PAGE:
What if Minnesotans change their mind after the amendment is passed?
The marriage amendment is not irrevocable.
A majority of Minnesotans support traditional marriage and oppose redefining it, but if the social consensus changes the people can revoke the amendment. In Minnesota, it is relatively easy to put a constitutional amendment on the ballot, as this past legislative session proved.
Proponents of the amendment believe, however, that given time to reflect on the social importance of marriage, the people of Minnesota will continue to affirm its unique role in uniting men and women with any children they may bring into the world.
Either way, the marriage amendment does not "end the conversation," but instead puts it in the hands of the people, where it belongs.
What is the harm in redefining marriage? How does that affect me?
Redefining marriage will have profound consequences for everyone. Most importantly, it will eliminate the only institution that unites the biological, legal, and social aspects of parenthood into one lasting bond.
There is a strong consensus that the cultural and legal erosion of marriage that has occurred over the past few decades has resulted in very serious and very negative consequences for children and society.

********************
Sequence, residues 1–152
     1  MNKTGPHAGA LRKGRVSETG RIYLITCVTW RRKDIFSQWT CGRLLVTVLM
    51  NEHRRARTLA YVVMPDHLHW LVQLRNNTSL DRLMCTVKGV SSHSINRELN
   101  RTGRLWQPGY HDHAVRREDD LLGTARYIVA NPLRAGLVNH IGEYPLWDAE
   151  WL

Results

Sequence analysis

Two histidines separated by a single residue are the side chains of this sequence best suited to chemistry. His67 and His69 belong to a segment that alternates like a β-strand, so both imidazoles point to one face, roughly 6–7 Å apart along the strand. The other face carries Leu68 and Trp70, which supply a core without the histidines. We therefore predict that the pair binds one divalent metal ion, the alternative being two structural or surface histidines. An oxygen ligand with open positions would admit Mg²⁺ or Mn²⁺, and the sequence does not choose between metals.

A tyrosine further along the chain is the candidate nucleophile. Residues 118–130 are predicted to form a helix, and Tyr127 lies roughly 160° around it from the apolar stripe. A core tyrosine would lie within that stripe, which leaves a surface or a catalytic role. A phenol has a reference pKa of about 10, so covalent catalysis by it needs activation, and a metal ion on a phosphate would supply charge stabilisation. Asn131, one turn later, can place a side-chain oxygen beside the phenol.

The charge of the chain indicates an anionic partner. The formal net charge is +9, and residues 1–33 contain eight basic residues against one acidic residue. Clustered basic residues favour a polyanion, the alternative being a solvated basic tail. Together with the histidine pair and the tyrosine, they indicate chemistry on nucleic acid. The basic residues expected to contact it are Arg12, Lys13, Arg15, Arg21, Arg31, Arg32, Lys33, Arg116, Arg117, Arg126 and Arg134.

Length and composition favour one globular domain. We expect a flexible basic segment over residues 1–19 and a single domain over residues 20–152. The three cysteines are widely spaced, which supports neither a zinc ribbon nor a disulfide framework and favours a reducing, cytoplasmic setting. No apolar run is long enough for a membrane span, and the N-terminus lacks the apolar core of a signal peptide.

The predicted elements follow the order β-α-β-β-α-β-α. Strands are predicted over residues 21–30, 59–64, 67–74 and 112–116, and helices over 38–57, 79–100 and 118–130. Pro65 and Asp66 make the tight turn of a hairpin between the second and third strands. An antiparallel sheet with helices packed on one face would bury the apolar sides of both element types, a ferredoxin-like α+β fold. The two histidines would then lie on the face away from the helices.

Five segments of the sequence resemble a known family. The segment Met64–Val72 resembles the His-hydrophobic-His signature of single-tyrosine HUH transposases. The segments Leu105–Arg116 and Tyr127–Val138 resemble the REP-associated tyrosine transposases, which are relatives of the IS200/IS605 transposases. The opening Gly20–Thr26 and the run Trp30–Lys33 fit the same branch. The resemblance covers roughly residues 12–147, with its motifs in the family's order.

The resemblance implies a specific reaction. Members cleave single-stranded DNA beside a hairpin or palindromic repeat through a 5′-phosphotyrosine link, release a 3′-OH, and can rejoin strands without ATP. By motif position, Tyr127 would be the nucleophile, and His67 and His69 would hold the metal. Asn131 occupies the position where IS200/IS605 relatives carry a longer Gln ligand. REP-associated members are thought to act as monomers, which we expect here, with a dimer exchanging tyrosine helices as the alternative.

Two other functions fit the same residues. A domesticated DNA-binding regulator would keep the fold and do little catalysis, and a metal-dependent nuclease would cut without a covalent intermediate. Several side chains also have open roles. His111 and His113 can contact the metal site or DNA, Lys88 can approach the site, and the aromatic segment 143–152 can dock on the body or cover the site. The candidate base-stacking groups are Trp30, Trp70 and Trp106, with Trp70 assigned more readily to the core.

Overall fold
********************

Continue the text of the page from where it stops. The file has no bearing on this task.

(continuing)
Redefining marriage would exacerbate those developments by severing the inherent connection between marriage and children, as well as by redefining parenthood. It would undermine the rational basis for the norms of marital permanence and fidelity that are meant primarily for the well-being of children. When the state's interest in marriage focuses on the happiness of adults, the whole family code will be turned upside down and kids will be the victims. That affects all of us.
Further, anyone who objects to the revisionist definition of marriage will be labeled a bigot and even penalized for discrimination.
But won't the marriage amendment take away people's rights?
The marriage amendment does not take away anyone's rights. Gays and lesbians have the same individual rights as everyone else and the marriage amendment will not change that.